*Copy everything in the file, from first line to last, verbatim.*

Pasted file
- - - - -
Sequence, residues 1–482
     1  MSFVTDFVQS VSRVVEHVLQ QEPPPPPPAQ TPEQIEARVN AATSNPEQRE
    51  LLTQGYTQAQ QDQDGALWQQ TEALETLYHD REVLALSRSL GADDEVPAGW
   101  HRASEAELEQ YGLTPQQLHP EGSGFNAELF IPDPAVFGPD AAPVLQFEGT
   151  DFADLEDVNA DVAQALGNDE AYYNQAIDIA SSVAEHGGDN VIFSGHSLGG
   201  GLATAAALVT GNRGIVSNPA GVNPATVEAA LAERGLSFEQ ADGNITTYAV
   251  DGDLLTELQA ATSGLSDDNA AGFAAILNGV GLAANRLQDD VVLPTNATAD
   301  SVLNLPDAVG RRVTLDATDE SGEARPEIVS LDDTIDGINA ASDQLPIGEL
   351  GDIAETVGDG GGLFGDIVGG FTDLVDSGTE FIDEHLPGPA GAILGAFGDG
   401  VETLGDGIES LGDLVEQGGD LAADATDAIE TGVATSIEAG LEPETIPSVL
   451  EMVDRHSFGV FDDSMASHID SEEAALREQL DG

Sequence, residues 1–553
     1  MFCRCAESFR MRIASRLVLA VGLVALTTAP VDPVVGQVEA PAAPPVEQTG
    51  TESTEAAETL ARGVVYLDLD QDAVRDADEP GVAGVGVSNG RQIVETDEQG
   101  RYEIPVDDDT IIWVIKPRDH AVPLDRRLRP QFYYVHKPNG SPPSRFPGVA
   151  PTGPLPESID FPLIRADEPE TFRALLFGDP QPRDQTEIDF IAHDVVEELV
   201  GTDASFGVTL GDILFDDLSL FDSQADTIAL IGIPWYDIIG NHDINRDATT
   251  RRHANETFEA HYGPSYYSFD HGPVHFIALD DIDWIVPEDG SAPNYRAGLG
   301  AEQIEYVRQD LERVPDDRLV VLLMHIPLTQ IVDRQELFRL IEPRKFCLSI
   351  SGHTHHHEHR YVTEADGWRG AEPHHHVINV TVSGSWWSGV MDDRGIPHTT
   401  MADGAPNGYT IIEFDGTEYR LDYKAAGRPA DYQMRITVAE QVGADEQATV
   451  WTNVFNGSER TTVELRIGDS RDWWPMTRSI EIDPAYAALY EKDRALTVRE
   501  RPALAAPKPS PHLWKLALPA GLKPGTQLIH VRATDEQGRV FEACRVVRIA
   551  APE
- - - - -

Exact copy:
Sequence, residues 1–482
     1  MSFVTDFVQS VSRVVEHVLQ QEPPPPPPAQ TPEQIEARVN AATSNPEQRE
    51  LLTQGYTQAQ QDQDGALWQQ TEALETLYHD REVLALSRSL GADDEVPAGW
   101  HRASEAELEQ YGLTPQQLHP EGSGFNAELF IPDPAVFGPD AAPVLQFEGT
   151  DFADLEDVNA DVAQALGNDE AYYNQAIDIA SSVAEHGGDN VIFSGHSLGG
   201  GLATAAALVT GNRGIVSNPA GVNPATVEAA LAERGLSFEQ ADGNITTYAV
   251  DGDLLTELQA ATSGLSDDNA AGFAAILNGV GLAANRLQDD VVLPTNATAD
   301  SVLNLPDAVG RRVTLDATDE SGEARPEIVS LDDTIDGINA ASDQLPIGEL
   351  GDIAETVGDG GGLFGDIVGG FTDLVDSGTE FIDEHLPGPA GAILGAFGDG
   401  VETLGDGIES LGDLVEQGGD LAADATDAIE TGVATSIEAG LEPETIPSVL
   451  EMVDRHSFGV FDDSMASHID SEEAALREQL DG

Sequence, residues 1–553
     1  MFCRCAESFR MRIASRLVLA VGLVALTTAP VDPVVGQVEA PAAPPVEQTG
    51  TESTEAAETL ARGVVYLDLD QDAVRDADEP GVAGVGVSNG RQIVETDEQG
   101  RYEIPVDDDT IIWVIKPRDH AVPLDRRLRP QFYYVHKPNG SPPSRFPGVA
   151  PTGPLPESID FPLIRADEPE TFRALLFGDP QPRDQTEIDF IAHDVVEELV
   201  GTDASFGVTL GDILFDDLSL FDSQADTIAL IGIPWYDIIG NHDINRDATT
   251  RRHANETFEA HYGPSYYSFD HGPVHFIALD DIDWIVPEDG SAPNYRAGLG
   301  AEQIEYVRQD LERVPDDRLV VLLMHIPLTQ IVDRQELFRL IEPRKFCLSI
   351  SGHTHHHEHR YVTEADGWRG AEPHHHVINV TVSGSWWSGV MDDRGIPHTT
   401  MADGAPNGYT IIEFDGTEYR LDYKAAGRPA DYQMRITVAE QVGADEQATV
   451  WTNVFNGSER TTVELRIGDS RDWWPMTRSI EIDPAYAALY EKDRALTVRE
   501  RPALAAPKPS PHLWKLALPA GLKPGTQLIH VRATDEQGRV FEACRVVRIA
   551  APE